Over the years, in the course of my work I have attended many management courses. Consequently I was interested to read this by Derek Lowe:
... The contempt that most of the scientific staff has for "modern management techniques" is hard to underestimate. Problem is, we're used to having to prove our hypotheses, and show data (with appropriate controls, yet) in support of them. But I've suspected for years that most of the management fads that sweep through the world have nothing to back them up at all, ...
Lowe is talking about management fads in the drug industry but much the same holds for the software development industry.
I particularly remember being shown a graph supposedly proving the effectiveness of Fagan inspections but which consisted of just a wiggly rising line. The actual data points that the line was drawn through were not shown, so it was impossible to get any idea of the quantity or scatter of the points, or of the statistical significance of the rise in the line. It might be that the person who drew the graph was ignorant of what is needed to convince people trained in science, or it may be that they were deliberately trying to cover up the inadequacy of their data. Either way, the presentation was seriously weakened by that graph. This a pity, as I now understand that Michael Fagan gathered quite a lot of statistical data which he used to convince the management of IBM of the the effectiveness of his technique. It was just that we weren't shown any of that data.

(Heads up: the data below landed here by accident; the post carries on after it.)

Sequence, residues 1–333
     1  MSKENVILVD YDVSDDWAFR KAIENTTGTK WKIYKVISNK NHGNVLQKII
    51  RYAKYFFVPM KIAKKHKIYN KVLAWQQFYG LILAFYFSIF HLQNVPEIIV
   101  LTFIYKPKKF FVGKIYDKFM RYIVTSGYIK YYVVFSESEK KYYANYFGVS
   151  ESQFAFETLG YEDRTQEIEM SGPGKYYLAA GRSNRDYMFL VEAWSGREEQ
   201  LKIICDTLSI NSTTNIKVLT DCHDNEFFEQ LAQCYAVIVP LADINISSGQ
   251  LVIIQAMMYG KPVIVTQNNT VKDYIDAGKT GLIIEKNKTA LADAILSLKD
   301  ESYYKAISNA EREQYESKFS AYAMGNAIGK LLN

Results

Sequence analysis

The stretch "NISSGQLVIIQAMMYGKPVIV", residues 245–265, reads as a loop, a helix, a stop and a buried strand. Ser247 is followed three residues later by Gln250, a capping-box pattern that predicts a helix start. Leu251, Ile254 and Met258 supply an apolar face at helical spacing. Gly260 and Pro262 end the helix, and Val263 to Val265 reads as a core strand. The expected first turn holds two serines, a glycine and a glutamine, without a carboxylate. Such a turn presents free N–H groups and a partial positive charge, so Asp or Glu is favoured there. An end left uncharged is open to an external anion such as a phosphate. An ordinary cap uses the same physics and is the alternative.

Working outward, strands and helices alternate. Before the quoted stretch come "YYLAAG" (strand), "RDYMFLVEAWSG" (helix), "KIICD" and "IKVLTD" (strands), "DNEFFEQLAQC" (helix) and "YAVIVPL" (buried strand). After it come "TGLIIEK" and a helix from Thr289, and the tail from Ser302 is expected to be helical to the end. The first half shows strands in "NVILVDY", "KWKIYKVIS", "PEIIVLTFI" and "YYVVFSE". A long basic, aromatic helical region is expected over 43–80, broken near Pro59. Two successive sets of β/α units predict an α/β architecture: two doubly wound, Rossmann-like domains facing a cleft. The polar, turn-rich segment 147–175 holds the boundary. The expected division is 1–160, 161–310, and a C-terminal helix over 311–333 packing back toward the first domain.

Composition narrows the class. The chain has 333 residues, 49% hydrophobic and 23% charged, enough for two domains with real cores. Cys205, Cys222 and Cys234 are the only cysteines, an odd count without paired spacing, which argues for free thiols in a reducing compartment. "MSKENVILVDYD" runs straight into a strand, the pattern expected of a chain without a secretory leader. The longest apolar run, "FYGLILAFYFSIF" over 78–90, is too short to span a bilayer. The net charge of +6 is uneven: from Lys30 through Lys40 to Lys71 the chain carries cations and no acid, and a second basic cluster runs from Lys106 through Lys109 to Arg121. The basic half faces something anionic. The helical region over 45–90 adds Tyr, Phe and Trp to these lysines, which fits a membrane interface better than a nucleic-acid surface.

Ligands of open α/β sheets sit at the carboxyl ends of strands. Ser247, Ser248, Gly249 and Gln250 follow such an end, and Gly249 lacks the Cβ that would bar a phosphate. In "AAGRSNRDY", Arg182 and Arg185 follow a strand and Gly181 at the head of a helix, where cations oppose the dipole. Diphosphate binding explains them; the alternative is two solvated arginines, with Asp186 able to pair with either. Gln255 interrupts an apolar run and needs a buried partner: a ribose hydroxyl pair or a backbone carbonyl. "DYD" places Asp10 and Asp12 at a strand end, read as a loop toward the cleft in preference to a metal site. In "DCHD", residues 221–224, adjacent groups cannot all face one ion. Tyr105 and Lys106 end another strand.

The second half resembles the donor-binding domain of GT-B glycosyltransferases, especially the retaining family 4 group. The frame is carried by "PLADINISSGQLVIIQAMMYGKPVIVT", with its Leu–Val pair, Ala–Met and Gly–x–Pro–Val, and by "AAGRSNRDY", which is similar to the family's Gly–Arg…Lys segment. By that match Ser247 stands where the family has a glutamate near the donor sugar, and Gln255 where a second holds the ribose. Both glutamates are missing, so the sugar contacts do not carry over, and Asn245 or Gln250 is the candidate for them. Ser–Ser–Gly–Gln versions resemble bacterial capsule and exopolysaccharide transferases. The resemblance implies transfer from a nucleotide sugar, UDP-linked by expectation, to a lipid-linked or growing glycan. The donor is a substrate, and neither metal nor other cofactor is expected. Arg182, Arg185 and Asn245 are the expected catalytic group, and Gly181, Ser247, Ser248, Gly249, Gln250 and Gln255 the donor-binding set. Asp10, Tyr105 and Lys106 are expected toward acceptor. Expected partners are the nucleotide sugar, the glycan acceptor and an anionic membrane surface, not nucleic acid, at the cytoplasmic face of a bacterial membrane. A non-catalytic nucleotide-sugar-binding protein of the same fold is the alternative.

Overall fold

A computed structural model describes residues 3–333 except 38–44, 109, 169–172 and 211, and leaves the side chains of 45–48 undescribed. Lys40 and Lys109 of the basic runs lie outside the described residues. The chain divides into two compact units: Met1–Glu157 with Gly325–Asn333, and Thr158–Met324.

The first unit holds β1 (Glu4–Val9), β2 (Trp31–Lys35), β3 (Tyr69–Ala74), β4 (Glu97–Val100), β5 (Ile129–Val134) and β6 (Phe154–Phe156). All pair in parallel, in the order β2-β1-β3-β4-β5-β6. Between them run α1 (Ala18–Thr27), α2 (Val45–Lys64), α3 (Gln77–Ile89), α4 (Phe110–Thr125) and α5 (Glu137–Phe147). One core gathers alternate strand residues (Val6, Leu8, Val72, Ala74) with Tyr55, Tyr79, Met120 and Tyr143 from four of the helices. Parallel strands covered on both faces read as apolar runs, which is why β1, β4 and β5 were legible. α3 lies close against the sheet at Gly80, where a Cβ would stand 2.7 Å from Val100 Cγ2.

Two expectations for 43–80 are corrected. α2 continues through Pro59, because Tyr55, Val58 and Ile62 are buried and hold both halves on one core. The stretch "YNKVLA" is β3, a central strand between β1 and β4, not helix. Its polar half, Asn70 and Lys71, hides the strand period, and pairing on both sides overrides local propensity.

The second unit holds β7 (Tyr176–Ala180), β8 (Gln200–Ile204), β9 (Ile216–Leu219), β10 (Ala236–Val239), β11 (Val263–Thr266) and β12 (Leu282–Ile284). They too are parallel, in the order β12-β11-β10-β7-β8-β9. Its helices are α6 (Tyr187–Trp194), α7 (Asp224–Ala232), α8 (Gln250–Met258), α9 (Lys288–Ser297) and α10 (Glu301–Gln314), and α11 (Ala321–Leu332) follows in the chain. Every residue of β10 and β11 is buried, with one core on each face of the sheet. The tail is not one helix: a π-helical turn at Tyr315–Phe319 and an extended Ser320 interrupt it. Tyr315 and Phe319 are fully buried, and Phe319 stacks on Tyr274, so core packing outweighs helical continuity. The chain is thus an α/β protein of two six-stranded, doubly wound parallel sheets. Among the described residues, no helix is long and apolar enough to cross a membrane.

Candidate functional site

I suspect that the data that the SEI CMM framework was based on would not stand up to close scrutiny. At least, I cannot remember seeing any convincing graphs in any of the CMM presentations or books.